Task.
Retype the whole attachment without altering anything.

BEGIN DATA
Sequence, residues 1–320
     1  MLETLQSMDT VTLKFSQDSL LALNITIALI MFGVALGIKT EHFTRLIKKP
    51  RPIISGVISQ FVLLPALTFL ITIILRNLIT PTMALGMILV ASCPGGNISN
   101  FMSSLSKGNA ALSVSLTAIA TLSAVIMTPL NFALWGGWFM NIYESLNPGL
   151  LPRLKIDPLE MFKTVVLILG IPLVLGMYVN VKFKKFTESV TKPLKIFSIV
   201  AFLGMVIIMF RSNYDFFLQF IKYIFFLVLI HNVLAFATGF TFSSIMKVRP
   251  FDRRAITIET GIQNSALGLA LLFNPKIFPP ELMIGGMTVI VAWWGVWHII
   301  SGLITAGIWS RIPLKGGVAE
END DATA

Sequence, residues 1–320
     1  MLETLQSMDT VTLKFSQDSL LALNITIALI MFGVALGIKT EHFTRLIKKP
    51  RPIISGVISQ FVLLPALTFL ITIILRNLIT PTMALGMILV ASCPGGNISN
   101  FMSSLSKGNA ALSVSLTAIA TLSAVIMTPL NFALWGGWFM NIYESLNPGL
   151  LPRLKIDPLE MFKTVVLILG IPLVLGMYVN VKFKKFTESV TKPLKIFSIV
   201  AFLGMVIIMF RSNYDFFLQF IKYIFFLVLI HNVLAFATGF TFSSIMKVRP
   251  FDRRAITIET GIQNSALGLA LLFNPKIFPP ELMIGGMTVI VAWWGVWHII
   301  SGLITAGIWS RIPLKGGVAE